"That, and you're incapable of putting yourself on the line by doing something romantic and admitting that you like someone enough to embarrass yourself with flowers and platitudes and Peter Gabriel."

"I'm incapable of being over-the-top?" House asked with a ironic little smirk.

Wilson scoffed and rolled his eyes. "When it comes wooing someone? Yes. It's much simpler to be an asshole than to seriously admit you care about someone. You'd rather ruin the moment by groping Cuddy's breast than open yourself enough to show her you're more than a cold-hearted jackass."

House blinked at him and tilted his head. "Hmm," he hummed, then turned to the television.

House was uncharacteristically silent the rest of the film, and Wilson wondered if perhaps what he'd said had hit a little too close to home. He hadn't meant for it to be an insult--well, just in the friendly way they always insulted each other. Still, House was rarely silent, and he was watching Moulin Rouge with an intensity that meant he was either highly interested in the proceedings, or trying to avoiding thinking about something else.

Knowing that if he flat-out apologized for his comment House would mock him and act like he didn't care, he offered to watch Fight Club once the movie was over. House merely shook his head and told him to put in one of the rented movies.

House quietly watched the next movie without making a comment, and even when Wilson went to bed, the sounds of the cliché-ridden chick flicks were audible through the walls, though muffled.

The last thing Wilson heard before falling asleep was Heath Ledger singing and he got an awkward (but pleasant) jolt when he heard House's dulcet tones joining.


When the alarm blared, Wilson groaned tiredly, more than a little annoyed about being ripped out of his dream. He couldn't remember what it had been about, just that it had been pleasant and had somehow involved House, and that being woken up irritated him more than it should have. He groaned again, as if by making his annoyance known time would stop and allow him return to the hazy contentment that was his dream, but it obviously doesn't work. The alarm keeps blaring, and the remnant of whatever he'd been thinking of was slipping away from behind his eyelids, like a watercolour painting being washed back to the boring piece of paper it had once been.

The beeping grated on his nerves, and he wondered if it was just the irritation that made him feel so cramped suddenly. He rolled over to reach for his alarm when his chest smacked something and the sound of clinking filled his ears. A second later, he felt something cold seep into his chest and he froze, looking downward, his vision still blurry and the sound of his alarm continually assaulting his ears. Half-sitting, arm outstretched for the alarm, and head fuzzy, it didn't occur to him what had happened until a few seconds later.

He'd knocked over a tray of food. A tray with a bowl of cereal, a cup of orange juice, and a rose in a vase. He quickly grabbed the vase and placed it on the bedside table beside the alarm, which he turned off with a glare, and then put the rose inside.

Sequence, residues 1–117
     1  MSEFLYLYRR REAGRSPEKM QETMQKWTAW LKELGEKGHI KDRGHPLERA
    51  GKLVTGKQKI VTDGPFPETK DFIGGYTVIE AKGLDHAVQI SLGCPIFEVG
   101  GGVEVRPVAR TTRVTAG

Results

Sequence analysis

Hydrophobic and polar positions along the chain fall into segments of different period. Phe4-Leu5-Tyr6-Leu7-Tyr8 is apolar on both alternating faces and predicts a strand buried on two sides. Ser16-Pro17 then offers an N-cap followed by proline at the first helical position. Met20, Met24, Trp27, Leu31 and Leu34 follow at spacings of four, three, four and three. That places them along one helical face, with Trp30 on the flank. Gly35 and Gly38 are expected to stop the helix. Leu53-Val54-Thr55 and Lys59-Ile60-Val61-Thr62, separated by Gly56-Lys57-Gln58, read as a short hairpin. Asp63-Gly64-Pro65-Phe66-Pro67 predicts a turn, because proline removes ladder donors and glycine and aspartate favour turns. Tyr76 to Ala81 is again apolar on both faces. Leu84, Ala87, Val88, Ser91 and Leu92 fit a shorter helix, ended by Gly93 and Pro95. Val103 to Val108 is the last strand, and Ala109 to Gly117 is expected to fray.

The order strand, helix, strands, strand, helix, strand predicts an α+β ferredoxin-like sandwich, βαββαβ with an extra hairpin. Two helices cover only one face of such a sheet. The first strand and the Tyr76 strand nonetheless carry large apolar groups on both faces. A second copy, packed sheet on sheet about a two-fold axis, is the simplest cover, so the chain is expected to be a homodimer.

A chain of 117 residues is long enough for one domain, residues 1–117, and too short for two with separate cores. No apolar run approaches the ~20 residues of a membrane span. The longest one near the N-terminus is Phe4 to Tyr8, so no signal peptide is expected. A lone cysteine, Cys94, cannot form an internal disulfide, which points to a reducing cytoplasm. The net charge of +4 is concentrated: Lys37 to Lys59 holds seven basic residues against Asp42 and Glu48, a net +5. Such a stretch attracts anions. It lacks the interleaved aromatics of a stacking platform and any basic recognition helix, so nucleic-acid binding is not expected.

Chest wet and cold, he stepped out of his bed, milk and orange juice dripping down and hitting his floor. He rubbed his face tiredly and went over to the light switch. He turned it on and then stared at his bed, still not sure he wasn't still dreaming. The tray was on its side, a bowl tipped upside down with Cheerios beside it, and the juice bled into his sheets, growing wider and wider.

"Oh," he realized aloud.

Breakfast in bed.

On Valentine's Day.

With a chuckle, he cleaned up the mess. He really didn't understand what House was trying to accomplish, except maybe that he was capable of being 'romantic.' It was a nice notion, really--it was a shame that he had dumped it all over his chest. Then again, had House been awake to hand it to him, instead of place it over his body and leave (probably because he didn't want to be in the same room when Wilson woke up; House didn't exactly do nice things, and when he did, he ran off much like a child would after breaking his mother's vase) he probably wouldn't have spilled it all over himself.

House was already awake, eating breakfast on the couch. Ever since he'd gotten out of Mayfield, House had usually come in with Wilson to work. It had originally started out that way because neither of them trusted House enough to be left alone (not that they would ever admit to it) but after awhile it just became easier. There were times House stayed later, and Wilson was proud that he didn't even have to worry anymore or check up on him. Still, even though they came in to work at the same time on most days, House never woke up before Wilson unless his leg was acting up, in which case he would've been soaking in his tub. He wasn't, though. Instead he was sitting on the couch, eating a bowl of cereal.

House didn't say anything as Wilson put the tray and the dishes in the sink, nor did he speak when Wilson went over and squeezed his shoulder as a nonverbal way of saying thank you. He noticed that the DVDs were spread out on the floor, and that House was currently watching something hopelessly and obviously romantic, but it wasn't one of the movies he had rented and so Wilson only assumed it was on one of their channels.

As he showered, he smiled, and found himself humming. He didn't realize it was from the dream he'd been having until he stepped out of the shower and plugged in his hair dryer.